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Santa Rosa is a top spot for gardening in the US, according to LawnStarter study

If you like gardening, Santa Rosa is one of the best places in the country to be.

That’s the conclusion of a new nationwide survey that ranked Santa Rosa fourth in the nation for urban gardening. LawnStarter, an Austin, Texas-based lawn care company, compared 150 of the most populated cities in the U.S. for a variety of factors, including the number of garden clubs, community gardens and nurseries and the number of days of sunshine and length of the growing season.

Santa Rosa’s good scores placed it in the top tier, outranked only by three cities in The Sunshine State — Miami, Orlando and Tampa, Florida.

When it comes to the number of nurseries and garden centers per 100,000 residents, only Miami and Salem, Oregon, have better shopping opportunities for the green thumb crowd.

Gardening destination

Sonoma County has long been considered a destination for gardeners, who drive from far away to hop from one nursery to the next throughout the county. The area is rich in specialty nurseries, including California Carnivores for flesh-eating plants, Bamboo Sourcery for bamboo, Wildwood Nursery for dogwoods and Japanese maples and CalFlora for native plants.

“We made sure we covered every single statistic we possibly could to measure gardening activity and community gardening. And in so many ways, Santa Rosa is the perfect city to be able to do it,” LawnStarter spokesman Jeff Herman said.

Santa Rosa was one of only two California cities to make the top tier. Riverside in Southern California came in 10th. All of the other cities in the Top 12 were in the South, Herman said, except for St. Louis, Missouri, home to one of the oldest and best public botanical gardens in the country.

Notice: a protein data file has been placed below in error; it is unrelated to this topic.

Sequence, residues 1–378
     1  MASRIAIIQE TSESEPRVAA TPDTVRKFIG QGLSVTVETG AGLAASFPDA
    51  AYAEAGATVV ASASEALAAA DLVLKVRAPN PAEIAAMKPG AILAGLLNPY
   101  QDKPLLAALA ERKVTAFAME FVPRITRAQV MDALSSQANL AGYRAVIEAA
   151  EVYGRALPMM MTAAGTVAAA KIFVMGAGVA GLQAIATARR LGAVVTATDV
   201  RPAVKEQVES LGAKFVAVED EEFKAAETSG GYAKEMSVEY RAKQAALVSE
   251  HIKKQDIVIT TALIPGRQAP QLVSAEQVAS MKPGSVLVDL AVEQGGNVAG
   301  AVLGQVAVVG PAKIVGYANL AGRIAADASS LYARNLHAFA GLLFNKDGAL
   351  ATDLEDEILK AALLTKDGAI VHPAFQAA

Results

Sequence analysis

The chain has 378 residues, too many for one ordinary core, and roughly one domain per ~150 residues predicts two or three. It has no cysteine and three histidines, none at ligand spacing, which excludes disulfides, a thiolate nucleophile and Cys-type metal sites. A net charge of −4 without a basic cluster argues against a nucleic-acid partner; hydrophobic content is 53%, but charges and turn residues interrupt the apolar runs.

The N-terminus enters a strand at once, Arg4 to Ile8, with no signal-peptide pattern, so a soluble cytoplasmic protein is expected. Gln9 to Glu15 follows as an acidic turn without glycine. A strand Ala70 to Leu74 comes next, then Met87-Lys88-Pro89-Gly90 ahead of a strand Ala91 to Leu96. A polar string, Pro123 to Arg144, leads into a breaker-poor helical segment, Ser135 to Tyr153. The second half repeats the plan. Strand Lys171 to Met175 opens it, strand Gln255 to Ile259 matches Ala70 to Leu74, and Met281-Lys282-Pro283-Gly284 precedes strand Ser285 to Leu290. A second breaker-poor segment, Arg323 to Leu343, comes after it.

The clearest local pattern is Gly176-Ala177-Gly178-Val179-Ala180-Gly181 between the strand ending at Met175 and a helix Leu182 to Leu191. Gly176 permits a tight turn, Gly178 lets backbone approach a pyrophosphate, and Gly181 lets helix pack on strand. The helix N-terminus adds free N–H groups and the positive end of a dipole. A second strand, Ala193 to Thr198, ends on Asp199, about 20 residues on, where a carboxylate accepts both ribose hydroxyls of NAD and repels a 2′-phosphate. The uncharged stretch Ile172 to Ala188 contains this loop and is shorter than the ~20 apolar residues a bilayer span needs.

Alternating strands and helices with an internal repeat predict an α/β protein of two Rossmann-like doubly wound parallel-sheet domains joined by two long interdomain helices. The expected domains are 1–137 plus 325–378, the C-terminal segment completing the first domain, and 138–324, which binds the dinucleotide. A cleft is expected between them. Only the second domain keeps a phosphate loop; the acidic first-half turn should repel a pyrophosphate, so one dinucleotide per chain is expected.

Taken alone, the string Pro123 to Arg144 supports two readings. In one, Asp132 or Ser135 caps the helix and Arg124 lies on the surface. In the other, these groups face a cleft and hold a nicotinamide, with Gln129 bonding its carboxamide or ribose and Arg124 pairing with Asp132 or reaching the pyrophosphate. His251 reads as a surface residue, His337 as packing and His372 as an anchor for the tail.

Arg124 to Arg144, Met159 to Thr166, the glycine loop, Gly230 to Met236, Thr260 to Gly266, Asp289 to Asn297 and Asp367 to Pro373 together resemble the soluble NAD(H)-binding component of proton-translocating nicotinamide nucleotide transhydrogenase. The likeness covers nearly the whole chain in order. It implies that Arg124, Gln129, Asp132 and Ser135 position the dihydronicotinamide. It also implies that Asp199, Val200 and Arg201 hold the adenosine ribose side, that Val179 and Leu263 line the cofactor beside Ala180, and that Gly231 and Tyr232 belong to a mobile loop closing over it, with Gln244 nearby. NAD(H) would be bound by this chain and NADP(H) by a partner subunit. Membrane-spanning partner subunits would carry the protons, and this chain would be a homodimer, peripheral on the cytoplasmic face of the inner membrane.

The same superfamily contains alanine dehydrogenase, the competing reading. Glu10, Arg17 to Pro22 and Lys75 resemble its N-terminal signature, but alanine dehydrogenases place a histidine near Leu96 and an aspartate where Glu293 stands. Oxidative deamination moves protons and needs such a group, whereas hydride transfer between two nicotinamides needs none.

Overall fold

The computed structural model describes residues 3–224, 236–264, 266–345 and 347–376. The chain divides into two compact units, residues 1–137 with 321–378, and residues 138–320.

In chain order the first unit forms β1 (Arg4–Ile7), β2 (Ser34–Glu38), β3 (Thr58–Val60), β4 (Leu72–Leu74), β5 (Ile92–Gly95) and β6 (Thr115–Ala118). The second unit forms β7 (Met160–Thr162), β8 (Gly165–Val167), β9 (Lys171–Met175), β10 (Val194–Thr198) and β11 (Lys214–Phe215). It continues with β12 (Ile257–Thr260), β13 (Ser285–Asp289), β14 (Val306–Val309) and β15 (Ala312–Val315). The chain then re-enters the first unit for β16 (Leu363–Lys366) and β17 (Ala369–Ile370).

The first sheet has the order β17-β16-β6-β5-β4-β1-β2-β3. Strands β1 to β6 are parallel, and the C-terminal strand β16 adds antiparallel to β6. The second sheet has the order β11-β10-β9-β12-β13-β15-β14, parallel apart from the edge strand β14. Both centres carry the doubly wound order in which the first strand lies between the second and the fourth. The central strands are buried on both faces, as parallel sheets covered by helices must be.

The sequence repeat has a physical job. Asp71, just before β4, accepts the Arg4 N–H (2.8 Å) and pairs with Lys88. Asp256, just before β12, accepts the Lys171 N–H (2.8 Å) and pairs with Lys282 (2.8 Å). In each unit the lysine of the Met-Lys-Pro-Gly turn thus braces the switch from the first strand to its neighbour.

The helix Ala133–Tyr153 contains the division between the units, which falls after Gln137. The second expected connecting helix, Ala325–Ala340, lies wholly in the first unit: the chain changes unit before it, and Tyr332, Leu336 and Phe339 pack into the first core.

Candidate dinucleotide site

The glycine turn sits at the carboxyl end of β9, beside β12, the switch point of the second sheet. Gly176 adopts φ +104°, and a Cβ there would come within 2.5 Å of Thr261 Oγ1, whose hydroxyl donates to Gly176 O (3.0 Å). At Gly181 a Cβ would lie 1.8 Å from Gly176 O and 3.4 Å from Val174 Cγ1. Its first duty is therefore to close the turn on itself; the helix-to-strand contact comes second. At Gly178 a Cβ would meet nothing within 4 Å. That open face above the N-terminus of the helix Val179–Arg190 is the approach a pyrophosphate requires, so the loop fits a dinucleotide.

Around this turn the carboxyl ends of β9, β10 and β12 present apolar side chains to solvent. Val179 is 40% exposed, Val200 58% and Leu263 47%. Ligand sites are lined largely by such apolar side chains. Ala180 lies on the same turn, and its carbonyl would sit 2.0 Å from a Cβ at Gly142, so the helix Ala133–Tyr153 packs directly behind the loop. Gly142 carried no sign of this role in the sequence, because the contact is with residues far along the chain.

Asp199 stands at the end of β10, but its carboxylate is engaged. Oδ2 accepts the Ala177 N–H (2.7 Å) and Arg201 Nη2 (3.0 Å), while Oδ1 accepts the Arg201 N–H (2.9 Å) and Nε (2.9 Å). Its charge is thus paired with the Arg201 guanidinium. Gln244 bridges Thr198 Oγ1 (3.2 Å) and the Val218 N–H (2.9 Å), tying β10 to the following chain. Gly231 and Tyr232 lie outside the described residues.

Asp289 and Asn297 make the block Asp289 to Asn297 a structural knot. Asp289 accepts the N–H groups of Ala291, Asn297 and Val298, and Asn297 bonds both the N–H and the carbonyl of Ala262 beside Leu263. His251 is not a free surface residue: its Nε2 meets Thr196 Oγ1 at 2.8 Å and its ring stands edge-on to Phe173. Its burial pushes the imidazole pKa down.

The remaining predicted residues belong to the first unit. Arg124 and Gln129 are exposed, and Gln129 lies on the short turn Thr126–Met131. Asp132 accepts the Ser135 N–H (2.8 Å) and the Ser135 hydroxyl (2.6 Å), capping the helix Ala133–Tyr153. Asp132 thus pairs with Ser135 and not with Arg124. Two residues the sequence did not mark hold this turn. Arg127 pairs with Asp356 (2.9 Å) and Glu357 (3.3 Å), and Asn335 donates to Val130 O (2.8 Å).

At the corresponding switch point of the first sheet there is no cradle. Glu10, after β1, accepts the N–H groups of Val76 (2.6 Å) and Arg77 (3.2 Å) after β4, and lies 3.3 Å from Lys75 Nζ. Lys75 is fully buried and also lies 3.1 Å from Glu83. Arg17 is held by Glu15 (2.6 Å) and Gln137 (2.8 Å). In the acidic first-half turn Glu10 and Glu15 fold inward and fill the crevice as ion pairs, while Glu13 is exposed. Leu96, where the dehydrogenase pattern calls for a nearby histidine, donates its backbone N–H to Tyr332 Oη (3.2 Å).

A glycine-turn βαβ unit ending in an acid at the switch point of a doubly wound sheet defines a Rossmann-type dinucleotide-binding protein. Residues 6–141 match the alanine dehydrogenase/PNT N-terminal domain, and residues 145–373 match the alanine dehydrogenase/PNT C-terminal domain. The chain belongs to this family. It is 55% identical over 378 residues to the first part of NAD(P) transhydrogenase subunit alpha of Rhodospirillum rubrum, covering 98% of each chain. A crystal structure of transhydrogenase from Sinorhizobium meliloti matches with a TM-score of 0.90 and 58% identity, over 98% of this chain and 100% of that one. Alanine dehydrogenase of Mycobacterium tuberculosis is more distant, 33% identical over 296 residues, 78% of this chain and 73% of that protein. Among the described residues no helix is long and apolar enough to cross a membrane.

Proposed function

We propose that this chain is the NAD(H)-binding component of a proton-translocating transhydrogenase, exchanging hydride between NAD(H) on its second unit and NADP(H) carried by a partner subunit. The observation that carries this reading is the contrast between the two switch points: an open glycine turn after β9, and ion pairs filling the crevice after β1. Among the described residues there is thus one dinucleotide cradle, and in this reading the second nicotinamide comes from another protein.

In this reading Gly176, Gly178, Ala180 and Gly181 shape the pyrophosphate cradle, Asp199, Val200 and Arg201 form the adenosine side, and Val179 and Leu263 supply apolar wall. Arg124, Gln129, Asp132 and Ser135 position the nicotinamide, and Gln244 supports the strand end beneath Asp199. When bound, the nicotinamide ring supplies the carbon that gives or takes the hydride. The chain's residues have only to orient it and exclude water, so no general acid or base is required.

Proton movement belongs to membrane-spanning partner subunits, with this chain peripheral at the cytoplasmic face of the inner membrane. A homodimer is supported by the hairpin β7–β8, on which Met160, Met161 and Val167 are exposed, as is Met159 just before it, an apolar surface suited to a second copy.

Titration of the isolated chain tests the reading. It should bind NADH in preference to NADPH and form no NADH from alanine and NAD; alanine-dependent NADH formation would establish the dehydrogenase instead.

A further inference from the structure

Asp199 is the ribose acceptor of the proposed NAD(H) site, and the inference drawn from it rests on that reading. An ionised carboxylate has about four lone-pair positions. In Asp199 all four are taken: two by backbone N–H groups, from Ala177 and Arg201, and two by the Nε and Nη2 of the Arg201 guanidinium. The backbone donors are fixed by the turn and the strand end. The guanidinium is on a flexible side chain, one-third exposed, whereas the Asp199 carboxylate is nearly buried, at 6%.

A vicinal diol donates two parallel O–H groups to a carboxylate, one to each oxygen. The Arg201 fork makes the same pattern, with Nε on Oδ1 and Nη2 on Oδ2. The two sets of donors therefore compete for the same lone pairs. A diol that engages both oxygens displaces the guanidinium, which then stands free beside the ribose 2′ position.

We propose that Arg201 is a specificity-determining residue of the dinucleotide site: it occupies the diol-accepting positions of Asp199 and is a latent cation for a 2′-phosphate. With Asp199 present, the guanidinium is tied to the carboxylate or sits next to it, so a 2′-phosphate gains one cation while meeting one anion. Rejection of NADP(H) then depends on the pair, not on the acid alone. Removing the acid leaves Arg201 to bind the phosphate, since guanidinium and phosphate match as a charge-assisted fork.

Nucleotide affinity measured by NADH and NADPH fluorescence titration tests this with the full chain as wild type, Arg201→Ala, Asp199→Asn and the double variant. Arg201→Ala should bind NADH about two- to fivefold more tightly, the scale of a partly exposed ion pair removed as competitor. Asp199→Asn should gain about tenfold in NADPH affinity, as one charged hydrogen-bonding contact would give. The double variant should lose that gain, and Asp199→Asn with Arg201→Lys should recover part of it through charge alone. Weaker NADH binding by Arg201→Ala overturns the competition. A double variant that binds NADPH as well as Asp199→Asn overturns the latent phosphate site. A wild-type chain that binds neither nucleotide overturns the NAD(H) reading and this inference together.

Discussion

“Gardening is so popular because it’s so beautiful here,” said Teresa Hendrix, who was raised in Santa Rosa and returned after many years living on the Central Coast. “We have a lot of people here who really care about the environment and conserving water. And the climate is amazing. We can grow anything here.”

She said a professor at Cal Poly San Luis Obispo, which has significant agricultural and horticulture programs, once said to her that you could throw anything in the ground in Santa Rosa and it will grow.

Hendrix is now president of the Windsor Garden Club, a 25-member group that focuses on civic service. The group manages a community garden in the Windsor Town Green. The garden has 70 raised beds, a quarter of which are sponsored beds. That means people donate the fees to have plots so low-income residents residents can have one. The club pays for water and upkeep and is in the process of fundraising to rebuild their 11-year-old raised beds.

There are active garden clubs all over Sonoma County, including in Cloverdale, Healdsburg, Valley of the Moon, Petaluma and two in Santa Rosa. There are also specialty societies for everything from irises and orchids to rare fruits.

County ranked 17th

Herman said the survey named Santa Rosa to a top spot but actually looked at the larger area of Sonoma County in gathering its statistics. The county ranked 17th in the country for regional gardening clubs and 27th for community gardens.

Sonoma County has long been a leader in community gardens. Santa Rosa is chock-full of them.

Arlie Haig, a 76-year-old retiree, is coordinator for several, including the Kawana and South Park community gardens, established to provide a place for neighborhood residents to grow and share fresh and healthy food and introduce urban kids to vegetable gardening. South Park, with 25 family plots in a diverse neighborhood near the fairgrounds, was established in 1991.